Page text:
Is ethanol efficient?

“I heard that the energy it takes to grow and produce ethanol (gasoline for tractors, process to make ethanol, etc) makes the whole thing a farce”

“What is the net energy balance for ethanol?”

“I read that the energy return on energy invested is negative for ethanol, is that true?”

We get this question fairly often.

First off, the energy balance question is nonsensical – it always takes more primary energy to produce a unit of usable energy – that’s just a basic law of nature – whether the primary energy is a lump of coal, crude oil, or corn and the usable energy is electricity, gasoline, or ethanol respectively. The right question to ask is always, “do the economics make sense”. Below is Peter Huber’s excellent discussion of this topic.

When looking at ethanol specifically the more relevant question from an oil dependence perspective is “how much petroleum goes into making a gallon of ethanol”.  If one is looking at it from an environmental perspective, the question would be “how much coal, natural gas, and oil goes into making a gallon of ethanol.”  The total energy input is not a concern since a large part of the energy that goes in to making a gallon of ethanol is the solar energy that goes into growing the crops.

Here is a presentation of a comprehensive Argonne National Lab study that shows these numbers for corn ethanol – note especially slide #12.

Most U.S. studies, by the way, completely ignore the sugar cane equation. The numbers for sugar cane are 5 times better than for corn: Brazilian ethanol production uses practically no external energy input beyond that of the crop itself – even the electricity used the dehydrate the ethanol is generated from bagasse (the sugar cane waste.)

The biggest beater on the ethanol energy balance drum is David Pimentel of Cornell, who is addressed in a brief DOE summary of studies on this issue.

Excerpt from “Thermodynamics and Money” by Peter Huber, Forbes 10.31.05:

Energy Return on Energy Invested [Eroei] calculations now litter the energy policy debate. Time and again they’re wheeled out to explain why one form of energy just can’t win–tar sands, shale, corn, wood, wind, you name it. Even quite serious journals–Science, for example–have published pieces along these lines. Energy-based books of account have just got to show a profit. In the real world, however, investors don’t care a fig whether they earn positive Eroei. What they care about is dollar return on dollar invested. And the two aren’t the same–nowhere close–because different forms of energy command wildly different prices. Invest ten units of 10-cent energy to capture one unit of $10 energy and you lose energy but gain dollars, and Wall Street will fund you from here to Alberta.

As it happens, the people extracting oil out of tar sands today use gas from the fields themselves to power their refineries. There’s gas, too, under what has been called Alberta’s “trillion- barrel tar pit,” but it’s cheap because there’s no pipeline to deliver it to where it would be worth more. As an alternative to gas, Total S.A., the French oil giant, is thinking about building a nuclear power plant to supply heat to melt and crack the tar. But nuclear reactors extract only a minuscule fraction of the energy locked up in the nuclei of uranium atoms; all the rest gets discarded as “waste.” On Eroei logic, uranium would never be used to generate either electricity or heat. But per unit of raw stored energy, uranium is a thousand times cheaper than oil.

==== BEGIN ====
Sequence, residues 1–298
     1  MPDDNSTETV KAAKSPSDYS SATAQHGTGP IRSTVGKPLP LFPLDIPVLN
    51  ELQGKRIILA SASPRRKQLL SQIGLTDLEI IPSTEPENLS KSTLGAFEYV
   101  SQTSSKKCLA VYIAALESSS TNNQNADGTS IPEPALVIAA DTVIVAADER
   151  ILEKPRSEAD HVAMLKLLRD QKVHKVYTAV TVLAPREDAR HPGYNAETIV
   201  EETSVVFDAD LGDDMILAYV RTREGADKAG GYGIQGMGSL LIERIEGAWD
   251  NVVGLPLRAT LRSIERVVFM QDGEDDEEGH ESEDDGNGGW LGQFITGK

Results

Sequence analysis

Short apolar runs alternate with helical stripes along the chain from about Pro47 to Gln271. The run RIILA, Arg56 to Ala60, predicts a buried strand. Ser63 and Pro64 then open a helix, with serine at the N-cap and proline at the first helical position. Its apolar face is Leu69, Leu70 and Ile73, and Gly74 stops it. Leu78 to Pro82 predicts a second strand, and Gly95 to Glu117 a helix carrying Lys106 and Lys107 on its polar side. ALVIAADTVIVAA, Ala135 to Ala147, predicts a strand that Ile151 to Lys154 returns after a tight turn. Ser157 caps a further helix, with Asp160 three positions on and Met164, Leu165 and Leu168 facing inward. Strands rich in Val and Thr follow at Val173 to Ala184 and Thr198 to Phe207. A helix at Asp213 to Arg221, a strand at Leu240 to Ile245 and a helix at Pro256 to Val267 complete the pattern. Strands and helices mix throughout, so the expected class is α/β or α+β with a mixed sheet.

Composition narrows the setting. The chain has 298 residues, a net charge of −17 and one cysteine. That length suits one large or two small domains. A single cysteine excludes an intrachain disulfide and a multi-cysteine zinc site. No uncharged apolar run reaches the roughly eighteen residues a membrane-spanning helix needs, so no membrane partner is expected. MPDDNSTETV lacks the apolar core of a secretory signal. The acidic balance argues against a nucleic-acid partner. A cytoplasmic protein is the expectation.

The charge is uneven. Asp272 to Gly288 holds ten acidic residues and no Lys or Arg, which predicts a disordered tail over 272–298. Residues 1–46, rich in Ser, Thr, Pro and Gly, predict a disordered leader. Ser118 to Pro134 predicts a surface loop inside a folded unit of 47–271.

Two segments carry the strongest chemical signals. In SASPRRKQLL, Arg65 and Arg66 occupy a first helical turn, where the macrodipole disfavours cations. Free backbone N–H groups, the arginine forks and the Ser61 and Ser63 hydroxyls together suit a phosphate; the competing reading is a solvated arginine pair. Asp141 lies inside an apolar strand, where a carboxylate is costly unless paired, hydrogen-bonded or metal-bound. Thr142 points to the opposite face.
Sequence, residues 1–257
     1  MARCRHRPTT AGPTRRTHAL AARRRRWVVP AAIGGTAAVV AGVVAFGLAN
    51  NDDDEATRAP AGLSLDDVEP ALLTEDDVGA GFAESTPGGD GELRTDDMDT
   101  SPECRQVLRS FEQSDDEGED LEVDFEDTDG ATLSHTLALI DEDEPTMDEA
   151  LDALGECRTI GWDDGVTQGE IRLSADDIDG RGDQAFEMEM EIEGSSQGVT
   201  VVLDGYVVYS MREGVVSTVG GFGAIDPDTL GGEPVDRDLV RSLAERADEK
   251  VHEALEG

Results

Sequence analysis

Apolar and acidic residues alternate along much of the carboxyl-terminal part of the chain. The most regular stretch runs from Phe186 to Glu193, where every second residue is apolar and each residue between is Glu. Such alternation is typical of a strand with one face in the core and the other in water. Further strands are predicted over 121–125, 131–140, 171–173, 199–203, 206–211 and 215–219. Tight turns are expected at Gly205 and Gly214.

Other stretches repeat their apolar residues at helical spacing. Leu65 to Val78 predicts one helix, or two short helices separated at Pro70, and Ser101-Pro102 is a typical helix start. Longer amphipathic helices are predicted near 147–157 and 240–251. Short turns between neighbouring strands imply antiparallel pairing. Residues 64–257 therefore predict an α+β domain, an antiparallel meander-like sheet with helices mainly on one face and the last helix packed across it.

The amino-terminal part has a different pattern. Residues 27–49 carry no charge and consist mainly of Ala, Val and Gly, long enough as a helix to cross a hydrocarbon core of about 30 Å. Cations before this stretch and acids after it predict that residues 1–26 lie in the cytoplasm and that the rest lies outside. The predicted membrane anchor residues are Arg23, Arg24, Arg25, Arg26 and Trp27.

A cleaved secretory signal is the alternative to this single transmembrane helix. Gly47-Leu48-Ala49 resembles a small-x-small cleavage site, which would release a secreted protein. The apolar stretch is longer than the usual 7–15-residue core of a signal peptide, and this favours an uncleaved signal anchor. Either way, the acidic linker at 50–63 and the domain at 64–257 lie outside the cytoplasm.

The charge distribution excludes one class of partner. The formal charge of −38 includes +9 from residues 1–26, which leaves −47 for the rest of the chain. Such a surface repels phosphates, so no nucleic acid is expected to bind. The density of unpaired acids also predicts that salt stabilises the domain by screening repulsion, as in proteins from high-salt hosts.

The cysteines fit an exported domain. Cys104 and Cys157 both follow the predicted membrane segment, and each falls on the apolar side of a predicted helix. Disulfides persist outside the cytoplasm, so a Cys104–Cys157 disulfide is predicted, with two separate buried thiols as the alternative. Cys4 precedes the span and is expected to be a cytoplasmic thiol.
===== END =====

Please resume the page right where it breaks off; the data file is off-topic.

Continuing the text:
Greens touting the virtues of biomass as a source of energy rarely note that almost all of it is used by lumber mills burning branches and sawdust on site. No one cares how much energy the sun “invested” to grow all that waste wood. And every electric power plant, whatever it’s fueled with, runs a huge Eroei deficit, transforming five units of cheap, raw heat into two units of electrical energy. But it all works out because the market values the energy in electricity at about 30 times the energy in coal.

The economic value of energy just doesn’t depend very strongly on raw energy content as conventionally measured in British thermal units. Instead it’s determined mainly by the distance between the BTUs and where you need them, and how densely the BTUs are packed into pounds of stuff you’ve got to move, and by the quality of the technology at hand to move, concentrate, refine and burn those BTUs, and by how your neighbors feel about carbon, uranium and windmills. In this entropic universe we occupy, the production of one unit of high-grade energy always requires more than one unit of low-grade energy at the outset. There are no exceptions. Put another way, Eroei–a sophomoric form of thermodynamic accounting–is always negative and always irrelevant. “Matter-energy” constraints count for nothing. The “monetary culture” still rules.

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